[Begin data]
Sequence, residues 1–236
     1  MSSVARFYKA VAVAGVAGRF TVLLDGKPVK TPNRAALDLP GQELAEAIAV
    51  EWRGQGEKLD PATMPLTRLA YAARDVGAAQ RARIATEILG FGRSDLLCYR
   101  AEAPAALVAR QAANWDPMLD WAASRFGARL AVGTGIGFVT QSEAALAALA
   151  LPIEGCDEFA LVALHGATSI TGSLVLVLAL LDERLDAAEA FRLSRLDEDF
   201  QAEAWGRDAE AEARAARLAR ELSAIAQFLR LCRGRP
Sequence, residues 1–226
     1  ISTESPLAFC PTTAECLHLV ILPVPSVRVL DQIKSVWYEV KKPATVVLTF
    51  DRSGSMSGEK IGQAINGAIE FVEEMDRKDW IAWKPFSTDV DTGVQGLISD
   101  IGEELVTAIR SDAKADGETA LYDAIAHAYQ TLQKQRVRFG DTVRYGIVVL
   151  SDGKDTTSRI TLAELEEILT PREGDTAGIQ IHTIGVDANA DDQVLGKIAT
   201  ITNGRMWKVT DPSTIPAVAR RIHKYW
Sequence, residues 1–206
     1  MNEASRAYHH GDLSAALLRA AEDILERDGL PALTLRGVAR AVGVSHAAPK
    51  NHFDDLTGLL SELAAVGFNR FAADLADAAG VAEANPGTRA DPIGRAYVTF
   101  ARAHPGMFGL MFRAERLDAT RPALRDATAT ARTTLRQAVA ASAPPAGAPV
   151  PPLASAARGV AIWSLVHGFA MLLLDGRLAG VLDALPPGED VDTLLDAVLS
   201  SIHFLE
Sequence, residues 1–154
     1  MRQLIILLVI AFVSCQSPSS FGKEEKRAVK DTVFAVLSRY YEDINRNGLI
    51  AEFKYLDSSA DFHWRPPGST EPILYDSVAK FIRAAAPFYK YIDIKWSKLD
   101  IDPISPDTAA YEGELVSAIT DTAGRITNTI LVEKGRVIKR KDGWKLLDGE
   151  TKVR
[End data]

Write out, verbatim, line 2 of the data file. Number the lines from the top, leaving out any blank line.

     1  MSSVARFYKA VAVAGVAGRF TVLLDGKPVK TPNRAALDLP GQELAEAIAV